Richard Harrington is pensions minister

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Comments

There are 19 comments at the moment, we would love to hear your opinion too.

  1. Nicely said Mr Harrington, I hope you do well, we need a strong Pensions Minister to combat the historic failure of the Life Companies to treat Clients fairly. You could talk to HMRC / The Treasury about two current issues; a) MVR’s (34%+ at age 59 with 6 months to retirement?) & b) Protected Tax Free cash whereby if a sole member wants to transfer out of an old plan to take advantage of the new pension freedom rules, they will lose their Protected tax free cash benefit. Another TFC transfer amnesty would be a good idea, please Thank you for reading this.

  2. The astonishing result of compound interest given assumes returns more than 7.5% ahead of salary growth. Use of such returns for forward planning are like to result in disappointment and are irresponsible to promote.

  3. Please address the issue of us women born in the 1950s who have had 2 rises in our state pension age with little or no notification. We have worked all our lives and have now had the goalposts moved at the last minute. We need transitional arrangements put in place ASAP. The record employment rate is due to us having to work an extra 6 years, we are blocking jobs for young people. I sincerely hope you will try to help us.

  4. “We have already achieved a huge amount” might better be stated as “We’ve already done even more damage to public confidence in pensions by our unceasing programme of making everything ever more complicated and restrictive (except for the Pension Freedoms which, if I’m being honest, has only really encouraged a lot of people who absolutely shouldn’t to cash in their inadequate pension funds).” Bozo.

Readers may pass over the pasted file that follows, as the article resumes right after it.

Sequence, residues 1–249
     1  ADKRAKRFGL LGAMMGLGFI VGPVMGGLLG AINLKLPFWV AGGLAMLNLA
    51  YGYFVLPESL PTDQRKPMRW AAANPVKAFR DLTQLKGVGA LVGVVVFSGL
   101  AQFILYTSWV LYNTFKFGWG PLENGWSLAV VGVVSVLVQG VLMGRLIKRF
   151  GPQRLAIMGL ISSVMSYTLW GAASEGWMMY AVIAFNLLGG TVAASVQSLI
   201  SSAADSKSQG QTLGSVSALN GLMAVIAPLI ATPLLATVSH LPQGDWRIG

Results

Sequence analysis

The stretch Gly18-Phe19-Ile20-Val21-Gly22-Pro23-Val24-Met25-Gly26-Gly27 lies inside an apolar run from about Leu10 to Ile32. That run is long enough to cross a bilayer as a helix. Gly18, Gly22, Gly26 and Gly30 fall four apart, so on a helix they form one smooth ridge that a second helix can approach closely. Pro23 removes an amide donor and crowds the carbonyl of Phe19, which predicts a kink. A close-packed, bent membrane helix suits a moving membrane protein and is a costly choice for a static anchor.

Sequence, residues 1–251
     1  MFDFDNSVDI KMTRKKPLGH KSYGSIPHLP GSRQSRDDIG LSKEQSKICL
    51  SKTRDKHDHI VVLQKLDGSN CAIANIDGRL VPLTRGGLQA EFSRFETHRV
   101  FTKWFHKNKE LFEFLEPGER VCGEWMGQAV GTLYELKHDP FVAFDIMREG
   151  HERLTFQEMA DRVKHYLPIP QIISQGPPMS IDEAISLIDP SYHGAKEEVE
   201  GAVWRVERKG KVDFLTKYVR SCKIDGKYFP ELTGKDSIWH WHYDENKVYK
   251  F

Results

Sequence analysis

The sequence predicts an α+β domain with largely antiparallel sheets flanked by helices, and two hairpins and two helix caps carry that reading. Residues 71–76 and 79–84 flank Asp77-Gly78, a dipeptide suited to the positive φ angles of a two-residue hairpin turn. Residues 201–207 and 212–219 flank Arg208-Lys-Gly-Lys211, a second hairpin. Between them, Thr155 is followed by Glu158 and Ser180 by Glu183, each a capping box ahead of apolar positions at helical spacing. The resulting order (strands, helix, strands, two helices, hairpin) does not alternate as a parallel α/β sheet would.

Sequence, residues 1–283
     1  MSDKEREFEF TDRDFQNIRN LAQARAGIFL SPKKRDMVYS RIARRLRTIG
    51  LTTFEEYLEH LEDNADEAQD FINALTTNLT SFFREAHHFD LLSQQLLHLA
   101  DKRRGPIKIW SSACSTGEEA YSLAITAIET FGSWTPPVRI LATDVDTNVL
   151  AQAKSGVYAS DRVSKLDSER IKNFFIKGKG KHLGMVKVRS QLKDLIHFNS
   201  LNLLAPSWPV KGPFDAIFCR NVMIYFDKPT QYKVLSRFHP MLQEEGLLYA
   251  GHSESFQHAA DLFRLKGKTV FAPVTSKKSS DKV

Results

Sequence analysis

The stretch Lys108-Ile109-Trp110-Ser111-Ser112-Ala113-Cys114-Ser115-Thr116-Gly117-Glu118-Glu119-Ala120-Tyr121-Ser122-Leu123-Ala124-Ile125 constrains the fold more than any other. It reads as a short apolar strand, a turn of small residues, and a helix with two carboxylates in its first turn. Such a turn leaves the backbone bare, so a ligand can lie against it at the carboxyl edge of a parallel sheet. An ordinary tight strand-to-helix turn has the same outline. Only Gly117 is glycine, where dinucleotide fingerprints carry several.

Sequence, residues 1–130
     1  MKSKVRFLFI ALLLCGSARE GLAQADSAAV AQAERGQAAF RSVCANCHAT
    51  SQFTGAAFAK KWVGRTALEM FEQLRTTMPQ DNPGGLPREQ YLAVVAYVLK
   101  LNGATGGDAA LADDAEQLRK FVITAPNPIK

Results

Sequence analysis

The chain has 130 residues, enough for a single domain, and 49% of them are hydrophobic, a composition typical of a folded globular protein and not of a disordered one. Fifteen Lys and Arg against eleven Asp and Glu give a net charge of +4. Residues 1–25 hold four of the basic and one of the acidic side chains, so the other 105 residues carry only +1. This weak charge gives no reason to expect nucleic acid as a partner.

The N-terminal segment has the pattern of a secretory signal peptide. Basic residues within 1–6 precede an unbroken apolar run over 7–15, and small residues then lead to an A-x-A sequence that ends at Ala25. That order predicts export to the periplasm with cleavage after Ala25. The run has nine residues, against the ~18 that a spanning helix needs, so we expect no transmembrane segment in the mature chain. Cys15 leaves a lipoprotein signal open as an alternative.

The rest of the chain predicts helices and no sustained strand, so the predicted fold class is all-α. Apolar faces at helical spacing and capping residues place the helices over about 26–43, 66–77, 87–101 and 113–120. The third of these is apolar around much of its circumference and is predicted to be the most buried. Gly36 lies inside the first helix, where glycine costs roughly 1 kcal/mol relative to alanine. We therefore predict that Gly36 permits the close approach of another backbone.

5. Pensions are a long game – women born in the 50’s were promised a pension at 60 – that didn’t happen the 1995 bill changed it to equalise at 65. Only not many knew about it until 2011 when another bill was introduced to speed up that change and increase it to 66. One minute you had to work 30 years for a full pension now it’s 35. I won’t get the full state pension because I was contracted out for a few years – my contracted out pension alone won’t pay For everything but I had no choice – I wanted to contract back in but it wasn’t an option.
    I saved a small amount in another private pension when I was 17-27 yrs old .. I knew pensions saving was a ‘sensible decision’ that would pay off in the long run – only it didn’t .. My little pension did not grow big enough to be of much use when I withdrew it a few years ago but I was not dissuaded from saving. Now savings are at record lows and pensions are now an even longer game because an extra 6 years has been added on at short notice. I’ll just have to save harder!